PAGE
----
To determine whether circulating insulin-like growth factor (IGF)-I has a role in hematopoiesis, we examined hematologic parameters in mice with markedly reduced serum levels resulting from a liver-specific inactivation of the IGF-I gene. These mice have normal postnatal growth and development, suggesting that local production of IGF-I can maintain anabolic effects. Liver-specific IGF-I-deficient (LID) mice were compared with control littermates with regard to hematopoietic parameters. Spleen cellularity was decreased in the LID mice compared with control mice. Spleen myeloid progenitors, as determined by colony-forming units-granulocyte/monocyte (CFU-GM) and colony-forming units-high proliferative potential (CFU-HPP), were significantly decreased in the LID mice. Immune parameters, as indicated by the absolute number of B and T cells, did not significantly differ between the knockout and control mice. In contrast to the decreased cellularity and myelopoiesis in the spleen, bone marrow cellularity was not different between the 2 groups, but the total femoral content of CFU-GM and CFU-HPP was significantly increased in the LID mice. The decrease in splenic myelopoiesis was not due to the inability of progenitors to exit the bone marrow, because CFU-GM and burst-forming units-erythroid were significantly increased in the blood of LID mice compared with normal littermates. Administration of exogenous IGF-I to the LID mice for 4 days partially restored myelopoietic parameters in the spleen. Liver production of IGF-I and, therefore, normal serum levels of this hormone, although not necessary for general organ growth and development, seems necessary for survival or transition of myeloid progenitors into the spleen.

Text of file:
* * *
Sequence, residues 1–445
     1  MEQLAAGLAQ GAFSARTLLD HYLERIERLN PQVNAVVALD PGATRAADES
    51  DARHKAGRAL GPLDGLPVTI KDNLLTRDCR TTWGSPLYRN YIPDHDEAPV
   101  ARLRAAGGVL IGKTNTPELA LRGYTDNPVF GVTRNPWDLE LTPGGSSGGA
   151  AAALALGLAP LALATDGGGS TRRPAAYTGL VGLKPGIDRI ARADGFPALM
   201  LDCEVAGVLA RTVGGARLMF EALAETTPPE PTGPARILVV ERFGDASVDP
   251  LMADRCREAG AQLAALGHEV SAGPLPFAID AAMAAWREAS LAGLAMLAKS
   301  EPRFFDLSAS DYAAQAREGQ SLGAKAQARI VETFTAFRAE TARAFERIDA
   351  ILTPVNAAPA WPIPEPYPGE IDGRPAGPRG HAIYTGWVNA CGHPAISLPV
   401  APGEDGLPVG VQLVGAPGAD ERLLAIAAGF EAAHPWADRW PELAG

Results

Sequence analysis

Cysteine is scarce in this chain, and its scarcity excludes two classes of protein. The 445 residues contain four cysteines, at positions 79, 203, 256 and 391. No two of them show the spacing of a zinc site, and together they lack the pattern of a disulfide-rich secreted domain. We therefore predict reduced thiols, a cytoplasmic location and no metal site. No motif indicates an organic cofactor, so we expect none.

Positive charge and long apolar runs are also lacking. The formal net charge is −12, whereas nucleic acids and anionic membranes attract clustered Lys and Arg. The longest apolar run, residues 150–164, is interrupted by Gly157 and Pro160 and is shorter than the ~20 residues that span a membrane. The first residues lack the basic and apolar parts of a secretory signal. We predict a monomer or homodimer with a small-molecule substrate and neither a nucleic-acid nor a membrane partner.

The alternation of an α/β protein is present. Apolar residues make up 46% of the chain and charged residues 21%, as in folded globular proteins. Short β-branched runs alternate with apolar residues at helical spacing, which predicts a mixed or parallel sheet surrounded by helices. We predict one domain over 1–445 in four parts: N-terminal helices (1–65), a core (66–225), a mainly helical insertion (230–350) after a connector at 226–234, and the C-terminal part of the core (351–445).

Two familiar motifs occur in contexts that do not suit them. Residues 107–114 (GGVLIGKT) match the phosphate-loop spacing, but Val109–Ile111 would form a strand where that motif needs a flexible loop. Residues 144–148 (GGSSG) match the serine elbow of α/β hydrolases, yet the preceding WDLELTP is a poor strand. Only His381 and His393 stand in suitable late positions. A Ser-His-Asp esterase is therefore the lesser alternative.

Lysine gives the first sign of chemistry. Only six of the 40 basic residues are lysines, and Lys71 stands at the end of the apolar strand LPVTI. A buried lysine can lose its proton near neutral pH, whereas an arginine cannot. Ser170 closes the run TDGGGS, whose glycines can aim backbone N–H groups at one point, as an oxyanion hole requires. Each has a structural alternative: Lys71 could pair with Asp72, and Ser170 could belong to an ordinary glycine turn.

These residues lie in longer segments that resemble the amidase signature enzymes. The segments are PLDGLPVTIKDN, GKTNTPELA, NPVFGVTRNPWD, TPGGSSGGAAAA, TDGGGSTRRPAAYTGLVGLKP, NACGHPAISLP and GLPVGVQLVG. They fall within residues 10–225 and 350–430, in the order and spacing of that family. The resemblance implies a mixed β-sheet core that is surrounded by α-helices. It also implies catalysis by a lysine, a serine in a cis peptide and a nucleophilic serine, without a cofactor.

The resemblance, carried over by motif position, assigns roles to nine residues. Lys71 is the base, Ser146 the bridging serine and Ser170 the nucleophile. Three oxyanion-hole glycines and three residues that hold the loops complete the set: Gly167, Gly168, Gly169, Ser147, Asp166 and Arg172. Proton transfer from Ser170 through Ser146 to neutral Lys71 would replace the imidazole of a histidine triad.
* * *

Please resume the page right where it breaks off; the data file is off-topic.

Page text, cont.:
- Growth hormone